A BASINGSTOKE college has maintained its “good” standard following an inspection.

Ofsted visited Queen Mary’s College (QMC) on January 25, and a letter to principal Ali Foss, published on April 4, said: “Your students continue to receive good-quality education and training. You work effectively with governors, managers and students to promote a learning culture strongly focused on continuous improvement.

“With other senior leaders, you monitor students’ performance closely and take decisive and effective actions to reduce the impact of the few courses or staff that perform below your expectations.”

The college, in Cliddesden Road, was previously graded as “good” by the education watchdog in May 2010.

The latest findings showed that QMC provides a “pleasant and harmonious environment for study, in which students and staff treat one another with respect”.

The letter, from inspector Richard Beaumont, added: “The majority of your students achieve beyond the expectations of them at the start of their courses. Students progress well onto higher levels of study while at college and the vast majority progress successfully into higher education or employment upon leaving.”

Ofsted found that students studying GCSE English and/or maths achieve particularly well, and that students develop a broad range of useful skills either through studies or diverse extra-curricular activities.

Mr Beaumont said: “Most students develop employment skills through work-related activities or work experience. However, you and your managers recognise that this aspect of the study programmes needs further improvement.”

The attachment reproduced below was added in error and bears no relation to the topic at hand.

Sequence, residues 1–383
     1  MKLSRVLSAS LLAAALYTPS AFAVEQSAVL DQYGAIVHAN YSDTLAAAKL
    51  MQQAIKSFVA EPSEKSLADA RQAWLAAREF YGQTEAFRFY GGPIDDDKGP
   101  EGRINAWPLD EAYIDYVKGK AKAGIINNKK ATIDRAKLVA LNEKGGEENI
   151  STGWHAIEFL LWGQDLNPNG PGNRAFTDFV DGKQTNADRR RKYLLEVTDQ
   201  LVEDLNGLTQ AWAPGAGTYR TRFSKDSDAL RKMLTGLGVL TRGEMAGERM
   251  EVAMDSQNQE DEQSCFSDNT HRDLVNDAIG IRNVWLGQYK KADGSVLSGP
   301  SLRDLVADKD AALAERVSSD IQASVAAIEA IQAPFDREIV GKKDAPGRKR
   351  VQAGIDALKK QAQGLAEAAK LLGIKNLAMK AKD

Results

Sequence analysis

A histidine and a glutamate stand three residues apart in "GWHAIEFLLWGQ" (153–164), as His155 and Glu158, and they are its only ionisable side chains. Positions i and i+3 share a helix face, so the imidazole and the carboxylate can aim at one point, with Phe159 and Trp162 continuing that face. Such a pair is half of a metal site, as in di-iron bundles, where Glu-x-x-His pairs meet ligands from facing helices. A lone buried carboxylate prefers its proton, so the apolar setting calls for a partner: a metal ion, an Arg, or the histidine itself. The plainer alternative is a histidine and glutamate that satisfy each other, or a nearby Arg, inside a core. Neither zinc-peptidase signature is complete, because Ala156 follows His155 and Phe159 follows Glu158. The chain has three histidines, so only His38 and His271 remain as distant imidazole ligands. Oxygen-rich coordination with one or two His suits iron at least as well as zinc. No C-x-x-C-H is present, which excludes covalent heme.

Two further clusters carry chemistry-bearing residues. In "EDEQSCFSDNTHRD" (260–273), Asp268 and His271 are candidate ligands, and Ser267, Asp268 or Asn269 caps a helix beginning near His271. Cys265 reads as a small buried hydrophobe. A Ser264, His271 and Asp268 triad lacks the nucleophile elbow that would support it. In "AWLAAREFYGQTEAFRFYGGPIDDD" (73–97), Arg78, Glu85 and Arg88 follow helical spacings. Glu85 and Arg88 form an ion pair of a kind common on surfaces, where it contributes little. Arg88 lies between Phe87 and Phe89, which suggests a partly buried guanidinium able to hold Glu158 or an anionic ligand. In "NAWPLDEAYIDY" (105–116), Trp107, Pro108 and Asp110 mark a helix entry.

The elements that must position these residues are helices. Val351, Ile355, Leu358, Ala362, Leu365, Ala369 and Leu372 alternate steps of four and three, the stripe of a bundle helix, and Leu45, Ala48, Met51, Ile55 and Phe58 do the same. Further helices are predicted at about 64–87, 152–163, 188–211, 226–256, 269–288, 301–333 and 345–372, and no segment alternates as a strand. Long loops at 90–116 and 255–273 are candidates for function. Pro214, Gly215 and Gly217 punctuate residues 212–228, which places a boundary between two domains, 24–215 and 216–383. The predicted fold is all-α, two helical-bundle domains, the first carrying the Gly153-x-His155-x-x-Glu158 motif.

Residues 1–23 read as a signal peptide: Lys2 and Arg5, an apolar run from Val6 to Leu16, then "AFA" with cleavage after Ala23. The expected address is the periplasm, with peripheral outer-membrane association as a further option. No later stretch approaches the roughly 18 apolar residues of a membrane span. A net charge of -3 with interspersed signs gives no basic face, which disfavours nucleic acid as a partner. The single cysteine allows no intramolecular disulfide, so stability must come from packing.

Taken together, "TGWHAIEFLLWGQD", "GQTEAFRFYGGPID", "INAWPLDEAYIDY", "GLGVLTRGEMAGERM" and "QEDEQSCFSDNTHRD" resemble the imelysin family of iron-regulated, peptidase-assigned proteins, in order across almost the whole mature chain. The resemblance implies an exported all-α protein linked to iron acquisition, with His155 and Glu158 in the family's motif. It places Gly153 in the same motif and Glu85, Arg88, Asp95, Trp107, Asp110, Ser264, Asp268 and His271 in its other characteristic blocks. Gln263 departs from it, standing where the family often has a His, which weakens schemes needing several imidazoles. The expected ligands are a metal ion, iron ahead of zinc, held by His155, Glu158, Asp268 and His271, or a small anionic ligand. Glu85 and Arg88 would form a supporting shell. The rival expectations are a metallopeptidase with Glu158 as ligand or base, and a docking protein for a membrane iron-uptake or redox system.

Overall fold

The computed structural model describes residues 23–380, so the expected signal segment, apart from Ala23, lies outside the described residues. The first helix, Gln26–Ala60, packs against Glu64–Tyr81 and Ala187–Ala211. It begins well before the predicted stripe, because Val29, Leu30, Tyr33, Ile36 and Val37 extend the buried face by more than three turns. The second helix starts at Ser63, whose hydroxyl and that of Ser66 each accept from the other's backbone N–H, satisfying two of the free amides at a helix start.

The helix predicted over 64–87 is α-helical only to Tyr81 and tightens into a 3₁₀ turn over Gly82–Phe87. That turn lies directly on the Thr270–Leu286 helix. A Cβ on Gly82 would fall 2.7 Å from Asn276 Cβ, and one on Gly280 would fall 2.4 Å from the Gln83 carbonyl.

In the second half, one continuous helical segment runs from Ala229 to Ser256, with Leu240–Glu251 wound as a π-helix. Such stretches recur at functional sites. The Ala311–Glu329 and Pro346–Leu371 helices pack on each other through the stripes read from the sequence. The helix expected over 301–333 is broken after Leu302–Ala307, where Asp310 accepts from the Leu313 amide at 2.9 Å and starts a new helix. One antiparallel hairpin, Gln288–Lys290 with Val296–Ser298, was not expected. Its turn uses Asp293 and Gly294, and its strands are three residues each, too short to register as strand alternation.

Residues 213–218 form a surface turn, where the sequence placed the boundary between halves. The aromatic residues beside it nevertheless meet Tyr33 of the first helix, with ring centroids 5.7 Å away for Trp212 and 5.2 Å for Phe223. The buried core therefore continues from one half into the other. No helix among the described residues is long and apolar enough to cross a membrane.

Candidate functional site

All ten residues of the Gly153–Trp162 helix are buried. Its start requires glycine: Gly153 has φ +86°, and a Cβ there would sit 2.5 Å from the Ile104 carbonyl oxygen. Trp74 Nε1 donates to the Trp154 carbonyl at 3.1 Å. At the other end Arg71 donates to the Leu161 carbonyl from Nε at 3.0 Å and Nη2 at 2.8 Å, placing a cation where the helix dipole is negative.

The inspector also found that students at QMC have a similar level of achievement to other sixth form colleges nationally, and that the college has continued to improve attendance this year.

He added: “The proportion of students gaining A* to C grades in GCSE mathematics and/or English is well above that of similar colleges. However, a significant number of A Level students do not maintain the high level of progress they made at AS Level.”

He said the quality of teaching, learning and assessment for students on 16-19 study programmes continues to be good, adding: “Students enjoy their lessons, participate well in discussions, and teachers manage question-and-answer sessions skilfully.”

However, Mr Beaumont said feedback from teachers does not always provide students with “sufficient detail to tell them where or how they can improve”.

He added: “You have recognised that a minority of A Level students are not sufficiently well prepared to interpret exam questions and are unable to give the fullest of answers to improve grades.”

The college was asked to make a number of changes to improve, including ensuring that all students benefit from well-planned work activities and high-quality work experience; managers to help teachers to develop their teaching skills further; and for all students, particularly A Level students, to have the necessary skills to interpret the requirements of examination papers fully.